People read books out of series order.
Seriously? We’re allowed to do that? I thought there was some kind of law. No?
I can’t tell you how many times I’ve seen a book that looked really good, but it was the second or third in its series. The first book was nowhere to be found. With a sad heart and a full wallet, I put the book back on the shelf.
Golem in My Glovebox, book four of my Monster Haven series, comes out next month. Writing a longer series has forced me to really think about this idea of reading out of order. Sometimes I see reviews of book two or three and people say they really liked it, so they went back and read the rest of the series.
I’m not complaining. Honest. I’m trying to understand. I’m also kind of mourning all those books past-Rachel put back on the shelf and never read because of a deeply held belief that if you read out of order, demons will eat your soul.
Mine aren’t meant to be stand-alone books, so it worries me. Yes, you can read them alone, but they’re written with a story arc that goes chronologically through the books and grows in tension with each one until the finale of the last book. It seems to me that book one would feel kind of wimpy and disconnected if you started with book three.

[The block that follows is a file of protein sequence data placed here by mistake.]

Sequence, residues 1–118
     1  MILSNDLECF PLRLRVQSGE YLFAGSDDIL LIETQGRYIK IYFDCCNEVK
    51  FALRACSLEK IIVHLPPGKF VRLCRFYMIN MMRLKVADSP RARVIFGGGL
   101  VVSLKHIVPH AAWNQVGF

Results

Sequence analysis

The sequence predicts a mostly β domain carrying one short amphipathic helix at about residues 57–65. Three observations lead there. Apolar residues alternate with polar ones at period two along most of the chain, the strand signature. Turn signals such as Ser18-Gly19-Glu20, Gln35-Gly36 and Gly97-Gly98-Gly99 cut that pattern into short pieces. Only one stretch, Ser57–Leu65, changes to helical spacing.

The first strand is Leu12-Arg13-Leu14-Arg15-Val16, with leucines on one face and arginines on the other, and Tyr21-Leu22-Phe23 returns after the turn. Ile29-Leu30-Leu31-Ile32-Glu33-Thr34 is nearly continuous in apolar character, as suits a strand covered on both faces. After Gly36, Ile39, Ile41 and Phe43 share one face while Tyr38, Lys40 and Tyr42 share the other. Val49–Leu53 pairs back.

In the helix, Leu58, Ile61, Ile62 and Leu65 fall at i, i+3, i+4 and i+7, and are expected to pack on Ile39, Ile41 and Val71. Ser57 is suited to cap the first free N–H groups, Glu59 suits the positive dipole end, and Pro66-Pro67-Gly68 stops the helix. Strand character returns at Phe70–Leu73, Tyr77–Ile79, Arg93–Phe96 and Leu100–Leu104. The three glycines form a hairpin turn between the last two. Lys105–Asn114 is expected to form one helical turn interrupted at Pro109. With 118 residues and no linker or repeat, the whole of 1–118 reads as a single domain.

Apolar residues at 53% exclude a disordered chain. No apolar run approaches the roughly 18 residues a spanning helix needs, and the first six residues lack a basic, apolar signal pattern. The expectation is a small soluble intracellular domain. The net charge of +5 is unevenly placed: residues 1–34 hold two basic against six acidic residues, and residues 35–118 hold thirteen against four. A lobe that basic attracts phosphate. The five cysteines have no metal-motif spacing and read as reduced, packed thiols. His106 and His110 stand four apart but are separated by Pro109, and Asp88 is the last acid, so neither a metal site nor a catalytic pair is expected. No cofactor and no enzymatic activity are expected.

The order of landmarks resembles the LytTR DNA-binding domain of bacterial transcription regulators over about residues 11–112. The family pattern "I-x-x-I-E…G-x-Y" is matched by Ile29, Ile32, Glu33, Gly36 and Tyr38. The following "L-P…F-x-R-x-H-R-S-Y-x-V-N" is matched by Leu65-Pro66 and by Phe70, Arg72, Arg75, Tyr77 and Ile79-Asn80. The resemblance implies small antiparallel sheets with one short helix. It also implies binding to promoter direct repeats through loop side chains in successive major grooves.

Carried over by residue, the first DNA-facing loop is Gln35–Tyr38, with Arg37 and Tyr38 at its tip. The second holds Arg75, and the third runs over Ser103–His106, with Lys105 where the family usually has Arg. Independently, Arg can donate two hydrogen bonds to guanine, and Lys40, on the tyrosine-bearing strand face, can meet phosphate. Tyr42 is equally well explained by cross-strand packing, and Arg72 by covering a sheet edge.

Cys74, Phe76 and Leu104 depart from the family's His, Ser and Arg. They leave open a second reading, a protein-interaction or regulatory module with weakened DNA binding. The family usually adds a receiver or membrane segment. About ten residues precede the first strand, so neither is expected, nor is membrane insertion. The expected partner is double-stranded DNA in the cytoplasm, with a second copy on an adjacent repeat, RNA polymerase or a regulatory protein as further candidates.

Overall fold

And yet, it seems to work for some people. I’m wondering if I’m trying too hard to build tension in increments. Or if maybe I should write less books in my next series. Or if maybe I should stop taking the whole thing so seriously and just chill. My readers are awesome. They’re chill. I should be chill.
But what about reviewers? With book four coming out, I hesitate to go on a blog tour and try to attract new reviewers—book four is a terrible place to bring someone in. We’re more than halfway. How can they possibly like the book if they don’t know how the characters got to that point from the previous three books?
I’m at a loss. Do any of you read books out of order? Does it work? Are you still satisfied?
Should I try it?
Originally from Northern California, she has a tendency to move every few years, resulting in a total of seven different states and a six-year stint in England. Currently, she's living in the Heartland, planning her next grand adventure. Rachel has one heroic husband, two grown kids, a crazy-catlady starter kit, and an imaginary dog named Waffles.
She doesn't have time for a real dog.
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